Sheers is a former UEA creative writing graduate.

    Liked by 1 person

  6. As a former UEA creative writing graduate, Sheers will have well known the rigidly enforced ban on cars being driven to the edge of UEA’s lake (= The Broad) across well kept areas of grass. Yet in his fantasy play “The Trick” he has his fantasy Phil Jones and his wife do exactly that. A small irrelevancy perhaps, but perhaps indicative of his laxity when it comes to portraying matters of greater import.


  7. “it’s TV not reality” we shout at our TV

    storytellers don’t give us the real world
    they give us an enhanced version of it.
    TV storytellers are addicted to this behaviour.
    That’s why BBC producers rigged competitions, and are now banned from holding them.

    Liked by 1 person

  8. @Barry – thanks for the link.

    1st thought – never heard of “BBC’s Chief Content Officer, Charlotte Moore” before

    2nd – “Climate Creatives” – is there no end to the “green jobs” the BEEB can bring into being ?


  9. @ Barry – watched your link – what a love in (wonder if a engineer will ever get a spot ?)


  10. I just got back from a few days in Prague and Twitter thought I should know about this tweet

    which was thoughtful of it! Well done Paul.

    Liked by 1 person

  11. Thanks for all the comments everyone. A few responses:

    Mark – It wasn’t too much work to listen to the 5 episodes – they are only about 15 minutes long. If anyone’s interested, they are still available on BBC sounds for about a week.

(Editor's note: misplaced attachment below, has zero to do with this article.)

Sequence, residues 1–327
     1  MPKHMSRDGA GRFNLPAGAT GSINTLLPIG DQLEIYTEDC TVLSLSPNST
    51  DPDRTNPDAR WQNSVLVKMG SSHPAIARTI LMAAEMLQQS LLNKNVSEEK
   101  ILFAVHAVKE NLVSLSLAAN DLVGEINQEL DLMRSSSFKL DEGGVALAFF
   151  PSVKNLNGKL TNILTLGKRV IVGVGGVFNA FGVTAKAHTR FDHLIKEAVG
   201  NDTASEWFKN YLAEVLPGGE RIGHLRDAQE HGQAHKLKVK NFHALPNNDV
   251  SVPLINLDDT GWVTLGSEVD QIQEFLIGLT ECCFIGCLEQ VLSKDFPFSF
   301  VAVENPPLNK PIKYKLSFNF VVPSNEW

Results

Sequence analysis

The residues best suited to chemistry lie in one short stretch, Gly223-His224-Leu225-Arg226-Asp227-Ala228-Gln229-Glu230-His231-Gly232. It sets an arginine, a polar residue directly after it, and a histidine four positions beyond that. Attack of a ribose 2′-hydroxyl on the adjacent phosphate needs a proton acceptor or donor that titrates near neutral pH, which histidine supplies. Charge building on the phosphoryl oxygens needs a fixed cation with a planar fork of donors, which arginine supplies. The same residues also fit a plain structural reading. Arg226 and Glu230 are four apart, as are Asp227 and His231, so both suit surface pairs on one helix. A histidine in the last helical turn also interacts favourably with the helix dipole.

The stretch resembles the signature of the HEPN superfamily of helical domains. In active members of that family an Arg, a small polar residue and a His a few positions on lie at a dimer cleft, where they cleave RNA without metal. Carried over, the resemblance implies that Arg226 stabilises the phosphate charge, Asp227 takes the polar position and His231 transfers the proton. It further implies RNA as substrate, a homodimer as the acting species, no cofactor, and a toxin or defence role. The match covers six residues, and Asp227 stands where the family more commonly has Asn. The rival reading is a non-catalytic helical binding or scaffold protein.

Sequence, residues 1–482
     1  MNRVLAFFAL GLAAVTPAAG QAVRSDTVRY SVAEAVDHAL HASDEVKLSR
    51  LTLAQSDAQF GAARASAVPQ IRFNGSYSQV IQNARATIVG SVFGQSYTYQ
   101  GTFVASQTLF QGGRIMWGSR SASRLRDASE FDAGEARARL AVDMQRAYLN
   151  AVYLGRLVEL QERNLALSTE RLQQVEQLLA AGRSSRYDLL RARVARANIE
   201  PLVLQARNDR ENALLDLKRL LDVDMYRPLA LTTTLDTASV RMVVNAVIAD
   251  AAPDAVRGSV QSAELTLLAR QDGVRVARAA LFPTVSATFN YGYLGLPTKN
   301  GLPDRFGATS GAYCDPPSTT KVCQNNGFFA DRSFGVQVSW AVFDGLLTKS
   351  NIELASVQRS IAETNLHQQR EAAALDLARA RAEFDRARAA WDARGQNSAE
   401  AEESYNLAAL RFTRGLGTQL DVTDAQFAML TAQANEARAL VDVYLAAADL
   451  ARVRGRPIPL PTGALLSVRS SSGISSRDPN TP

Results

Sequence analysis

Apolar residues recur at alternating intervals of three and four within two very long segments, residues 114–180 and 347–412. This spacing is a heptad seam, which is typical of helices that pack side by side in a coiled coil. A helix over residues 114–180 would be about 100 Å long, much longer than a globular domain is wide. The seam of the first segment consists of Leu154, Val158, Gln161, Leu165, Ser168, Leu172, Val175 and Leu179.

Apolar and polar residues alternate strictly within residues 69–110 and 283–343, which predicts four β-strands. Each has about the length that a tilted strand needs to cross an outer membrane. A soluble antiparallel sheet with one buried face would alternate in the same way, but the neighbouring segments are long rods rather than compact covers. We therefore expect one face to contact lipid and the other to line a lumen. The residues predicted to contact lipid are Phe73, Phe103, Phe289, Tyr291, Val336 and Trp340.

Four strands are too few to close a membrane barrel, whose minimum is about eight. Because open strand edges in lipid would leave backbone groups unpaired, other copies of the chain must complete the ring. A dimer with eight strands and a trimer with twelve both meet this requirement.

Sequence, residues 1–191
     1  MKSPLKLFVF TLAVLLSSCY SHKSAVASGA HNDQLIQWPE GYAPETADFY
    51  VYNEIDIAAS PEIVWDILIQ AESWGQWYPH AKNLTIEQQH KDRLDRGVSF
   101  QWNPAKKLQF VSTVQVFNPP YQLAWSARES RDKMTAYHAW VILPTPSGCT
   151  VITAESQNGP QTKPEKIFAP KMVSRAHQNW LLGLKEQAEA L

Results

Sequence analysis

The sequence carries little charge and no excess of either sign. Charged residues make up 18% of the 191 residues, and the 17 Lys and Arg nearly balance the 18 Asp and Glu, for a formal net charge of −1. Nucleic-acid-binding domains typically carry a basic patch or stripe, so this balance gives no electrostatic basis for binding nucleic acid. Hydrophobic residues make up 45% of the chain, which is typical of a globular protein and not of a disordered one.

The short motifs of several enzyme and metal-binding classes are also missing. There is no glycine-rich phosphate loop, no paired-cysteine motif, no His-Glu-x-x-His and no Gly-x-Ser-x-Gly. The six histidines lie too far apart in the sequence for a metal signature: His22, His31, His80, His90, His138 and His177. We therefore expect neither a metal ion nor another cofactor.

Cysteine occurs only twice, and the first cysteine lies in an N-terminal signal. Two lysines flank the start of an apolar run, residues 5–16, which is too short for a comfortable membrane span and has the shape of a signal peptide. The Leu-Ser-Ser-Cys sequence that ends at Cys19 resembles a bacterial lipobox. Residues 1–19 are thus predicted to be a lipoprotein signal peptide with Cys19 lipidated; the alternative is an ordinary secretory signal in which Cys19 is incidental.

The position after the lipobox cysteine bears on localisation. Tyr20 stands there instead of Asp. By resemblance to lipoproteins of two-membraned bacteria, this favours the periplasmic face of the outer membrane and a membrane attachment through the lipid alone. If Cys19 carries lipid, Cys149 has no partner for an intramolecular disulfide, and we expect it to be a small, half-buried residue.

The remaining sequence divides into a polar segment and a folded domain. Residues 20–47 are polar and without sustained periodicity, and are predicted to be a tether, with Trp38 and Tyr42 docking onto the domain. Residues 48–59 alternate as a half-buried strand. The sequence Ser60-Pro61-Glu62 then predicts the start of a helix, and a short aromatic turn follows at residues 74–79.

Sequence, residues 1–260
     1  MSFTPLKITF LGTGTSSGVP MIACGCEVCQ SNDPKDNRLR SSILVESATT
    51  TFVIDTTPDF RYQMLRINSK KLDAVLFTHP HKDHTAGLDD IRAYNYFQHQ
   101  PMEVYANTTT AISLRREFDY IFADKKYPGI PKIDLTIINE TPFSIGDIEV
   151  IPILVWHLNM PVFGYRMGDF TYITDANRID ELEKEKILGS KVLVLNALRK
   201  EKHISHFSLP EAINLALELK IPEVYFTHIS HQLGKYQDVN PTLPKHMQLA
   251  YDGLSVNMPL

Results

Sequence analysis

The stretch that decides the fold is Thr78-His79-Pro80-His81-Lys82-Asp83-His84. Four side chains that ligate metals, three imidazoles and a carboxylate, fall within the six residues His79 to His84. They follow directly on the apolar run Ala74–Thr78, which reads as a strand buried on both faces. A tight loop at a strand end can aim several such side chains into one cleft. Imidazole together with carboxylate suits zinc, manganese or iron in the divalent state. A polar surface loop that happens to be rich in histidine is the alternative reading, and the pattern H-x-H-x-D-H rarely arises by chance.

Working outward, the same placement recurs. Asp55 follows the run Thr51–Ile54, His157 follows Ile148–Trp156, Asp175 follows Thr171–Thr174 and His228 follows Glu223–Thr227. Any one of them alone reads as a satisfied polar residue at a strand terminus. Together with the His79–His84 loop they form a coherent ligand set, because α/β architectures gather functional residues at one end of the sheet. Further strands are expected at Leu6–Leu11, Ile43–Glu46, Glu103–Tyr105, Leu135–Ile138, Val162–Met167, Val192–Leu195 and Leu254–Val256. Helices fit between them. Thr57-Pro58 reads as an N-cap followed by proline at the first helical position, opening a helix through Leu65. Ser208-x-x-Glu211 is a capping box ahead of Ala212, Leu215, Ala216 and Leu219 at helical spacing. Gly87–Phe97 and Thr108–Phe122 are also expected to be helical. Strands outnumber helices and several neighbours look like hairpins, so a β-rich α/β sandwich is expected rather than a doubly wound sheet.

Jit – Yes, credit to Corera for talking to the sceptics and reaching a sensible conclusion.

    DfHunter – yes, it is a goldmine and has been rather forgotten. More on that in today’s post.

    Adam Gallon – I’m talking about FOIA’s 2011 README file, not to be confused with Harry the CRU programmer’s README file, which is also interesting but a completely different thing!

    Barry – thanks for that, so ultimately is UEA’s Acton pulling Owen Sheers’s strings who in turn pulls Corera’s strings. Climate creatives, LOL.

    Richard – thanks for finding that. Glad to see Steve Mc read the blog and approves!

    Today is exactly the 10th anniversary of Climategate 2, hence the new post.


  12. Catching up with old notes
    The Times TV guide
    Radio Choice of the week Oct 30 mentions the TV show

    “The Trick”
    that drama *showed* that he didn’t do anything of the sort and was engaged in responsible science

    FFS “showed” ..dramas do not prove stuff, so the writer is deluded.

    That bit is preceded by “the 2009 hack of CRU, when *stolen emails* purported to show that Phil Jones had twisted Climate data”
    … you can’t just say leaked emails are STOLEN, that is loaded language.

    Liked by 1 person

  13. To be technical, under the Theft Act 1968, theft is the dishonest appropriation of property belonging to another with the intention to deprive them of it permanently. It is actually quite interesting to contemplate whether that definition covers this situation, given the various additional definitions in the Act:

    As to whether the activity was dishonest, I wonder if section 2(1)(a) would provide a kind of XR (best of intentions) defence:

    “(1) A person’s appropriation of property belonging to another is not to be regarded as dishonest—